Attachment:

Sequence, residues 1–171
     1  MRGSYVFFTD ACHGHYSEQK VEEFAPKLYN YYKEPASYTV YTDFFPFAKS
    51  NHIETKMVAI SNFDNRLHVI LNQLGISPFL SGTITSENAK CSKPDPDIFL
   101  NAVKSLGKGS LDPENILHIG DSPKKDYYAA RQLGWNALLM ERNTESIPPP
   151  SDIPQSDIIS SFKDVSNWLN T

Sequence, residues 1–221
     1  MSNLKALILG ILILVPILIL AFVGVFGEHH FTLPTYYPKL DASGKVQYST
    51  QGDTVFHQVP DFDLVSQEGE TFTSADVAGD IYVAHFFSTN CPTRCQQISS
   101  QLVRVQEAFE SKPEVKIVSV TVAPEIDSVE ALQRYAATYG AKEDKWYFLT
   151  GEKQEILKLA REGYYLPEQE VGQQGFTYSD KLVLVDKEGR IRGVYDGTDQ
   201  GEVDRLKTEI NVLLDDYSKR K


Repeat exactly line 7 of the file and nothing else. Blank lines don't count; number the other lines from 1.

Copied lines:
     1  MSNLKALILG ILILVPILIL AFVGVFGEHH FTLPTYYPKL DASGKVQYST